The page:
The first mistake was the uprooting of a sacred banyan tree, which had always been venerated as it was the place where many wild elephants congregated. Cutting down the tree was not just an act of violation against the spirits that lived there, but also against the elephants, who are sacred animals in Thailand. Although this grouping of gregarious animals may not seem extraordinary to a novice, it was a particularly symbolic event for the local population. Destroying this place was seen as an offense to these emblematic animals.

Transforming a sacred space without a purification ritual and without taking into account local beliefs creates disorder and desolation. Any accident that occurs in this place is no longer fortuitous, but considered revenge and destiny. There is nothing that can be done about such sacrilege.


Accidents… and Bad Luck

The other story that emerges is that of the accumulation of accidents. There were no fatal accidents, but a succession of small events that made the boat a cursed place - a place that was an Eden for the newcomer, but a real hell for the person who worked there. Tourists fell, got sick, and staff members got hurt, and the accidents were harmless but repeated day after day, creating real malaise for the staff and even for outsiders who brought tourists to this part of the island.

What was the real trigger? What was the straw that broke the camel’s back? Many say that a tourist’s fall was the trigger, but it is difficult to know. In any case, the accumulation of bad news must have been a major factor in the rapid closure.


More pragmatic explanations

While much attention is given to the spirits that are believed to be responsible for the Galaxy’s closure, other more pragmatic arguments are also presented by much more rational minds.

Some people point out that the ship was built in an area where dengue and malaria mosquitoes thrived. The paradise turned into a nightmare for guests returning from holiday. The hypothesis is interesting but seems somewhat limited when considering the various campaigns the island has undergone to curb this problem.

Finally, there is the more down-to-earth argument: the Galaxy never found its customers. While the idea of building a boat could have been interesting, putting it on land proved to be a bad idea.

Many customers complained about the constraints inherent in the building: lack of air or insufficient air circulation, constant humidity accentuating the claustrophobic side of the boat (lack of light), and other factors that could only serve to undermine an establishment that aimed to play in the league of luxury hotels.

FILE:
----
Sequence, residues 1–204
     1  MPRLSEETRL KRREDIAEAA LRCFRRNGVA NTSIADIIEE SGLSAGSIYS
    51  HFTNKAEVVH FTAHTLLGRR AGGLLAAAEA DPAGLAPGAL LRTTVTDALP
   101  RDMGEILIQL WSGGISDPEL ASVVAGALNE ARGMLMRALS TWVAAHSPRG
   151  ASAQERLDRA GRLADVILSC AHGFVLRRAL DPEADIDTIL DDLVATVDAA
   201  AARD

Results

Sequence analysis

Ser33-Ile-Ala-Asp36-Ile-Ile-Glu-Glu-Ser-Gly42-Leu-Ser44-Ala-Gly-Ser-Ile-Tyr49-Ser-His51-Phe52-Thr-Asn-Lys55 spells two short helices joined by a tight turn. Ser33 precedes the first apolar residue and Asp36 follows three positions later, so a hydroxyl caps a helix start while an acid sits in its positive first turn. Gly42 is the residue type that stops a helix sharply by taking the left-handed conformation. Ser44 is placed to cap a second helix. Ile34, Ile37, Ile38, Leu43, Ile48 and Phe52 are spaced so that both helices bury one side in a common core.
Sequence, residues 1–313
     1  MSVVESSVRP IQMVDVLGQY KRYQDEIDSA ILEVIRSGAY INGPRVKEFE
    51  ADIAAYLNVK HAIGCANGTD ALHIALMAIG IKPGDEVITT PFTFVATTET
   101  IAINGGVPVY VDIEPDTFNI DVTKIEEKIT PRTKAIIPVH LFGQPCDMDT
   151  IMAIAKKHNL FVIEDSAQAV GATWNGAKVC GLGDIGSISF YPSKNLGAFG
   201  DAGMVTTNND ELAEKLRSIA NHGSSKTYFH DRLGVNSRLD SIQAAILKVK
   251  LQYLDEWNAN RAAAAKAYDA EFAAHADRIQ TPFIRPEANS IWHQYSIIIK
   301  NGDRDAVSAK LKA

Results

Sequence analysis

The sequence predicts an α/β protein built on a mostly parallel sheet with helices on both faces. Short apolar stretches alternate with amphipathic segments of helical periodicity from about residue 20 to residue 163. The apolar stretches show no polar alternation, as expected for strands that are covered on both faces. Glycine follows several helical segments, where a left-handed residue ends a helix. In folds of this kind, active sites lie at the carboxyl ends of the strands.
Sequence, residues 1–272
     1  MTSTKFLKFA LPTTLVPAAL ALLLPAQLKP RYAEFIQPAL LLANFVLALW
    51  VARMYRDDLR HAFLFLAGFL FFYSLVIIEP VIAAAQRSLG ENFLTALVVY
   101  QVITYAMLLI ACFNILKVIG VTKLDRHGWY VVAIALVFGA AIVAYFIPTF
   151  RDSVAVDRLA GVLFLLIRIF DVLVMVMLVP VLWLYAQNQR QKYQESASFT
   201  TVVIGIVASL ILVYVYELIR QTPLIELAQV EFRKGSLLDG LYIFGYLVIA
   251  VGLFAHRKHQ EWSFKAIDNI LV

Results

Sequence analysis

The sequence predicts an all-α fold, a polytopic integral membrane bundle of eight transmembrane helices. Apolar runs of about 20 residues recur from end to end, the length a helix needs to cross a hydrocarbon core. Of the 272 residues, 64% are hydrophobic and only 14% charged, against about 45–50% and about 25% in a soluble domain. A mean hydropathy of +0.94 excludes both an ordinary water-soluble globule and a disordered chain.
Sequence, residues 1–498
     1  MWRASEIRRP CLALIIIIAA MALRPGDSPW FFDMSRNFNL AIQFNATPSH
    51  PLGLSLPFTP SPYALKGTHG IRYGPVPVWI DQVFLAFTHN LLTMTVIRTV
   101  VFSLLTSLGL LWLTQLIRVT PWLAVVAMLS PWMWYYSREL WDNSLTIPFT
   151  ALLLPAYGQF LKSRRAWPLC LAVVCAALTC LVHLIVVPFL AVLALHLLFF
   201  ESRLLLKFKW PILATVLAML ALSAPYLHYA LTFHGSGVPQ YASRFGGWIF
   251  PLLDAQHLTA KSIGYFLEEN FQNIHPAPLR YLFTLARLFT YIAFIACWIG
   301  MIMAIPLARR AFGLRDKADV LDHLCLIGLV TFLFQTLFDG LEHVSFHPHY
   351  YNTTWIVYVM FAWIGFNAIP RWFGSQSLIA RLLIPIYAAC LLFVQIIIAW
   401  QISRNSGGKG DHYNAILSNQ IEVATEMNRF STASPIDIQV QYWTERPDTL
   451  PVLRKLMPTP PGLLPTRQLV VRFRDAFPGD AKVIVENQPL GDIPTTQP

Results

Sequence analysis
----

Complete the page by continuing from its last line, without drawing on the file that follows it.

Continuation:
Urbex, or the Tourism of Wastelands and Abandoned Sites

The closure of the Galaxy has made some people happy. Although not many, all urbex enthusiasts who visit the region can get thrills by illegally entering the building. Urbex stands for Urban Exploration, and the Ghost Ship is a unique site in the world of urbex, as it’s rare to find such buildings on islands.

While many urbex enthusiasts have enjoyed discovering the ship for several years, it’s now almost impossible to easily access the interior of the ship. The only open windows are located upstairs, so climbing the entire structure without being seen is dangerous, and the guards no longer tolerate inquisitive visitors.

It’s worth noting that all visitors to the liner have wisely refrained from transforming this unique space into a canvas for tagging or graffiti. There has been no appropriation of any wall. New visitors can discover this space in its original state without feeling like they’re arriving late to the party.


A beach and hotel beside the ghost ship

There is another surprise. Although the Galaxy has closed down completely, right next to it’s Boat Chalet Koh Chang, a hotel that offers bungalows or pavilions.

However, while visiting the Galaxy can be one objective, the beach “Klong Kloi Beach” which adjoins it’s another one. Deserted, you can fully enjoy it to relax, swim, or read in peace!

Practical information:

Please note that in order to enter the Galaxy area, you must pass through a gatekeeper. Depending on his mood, he may charge between 50 and 150 baht for entry. The reason given by the guard is that the beach is private and requires payment to access it.

Where ? : it’s here or just a few meters away!

Koh Chang : more info

Urbex - Additional information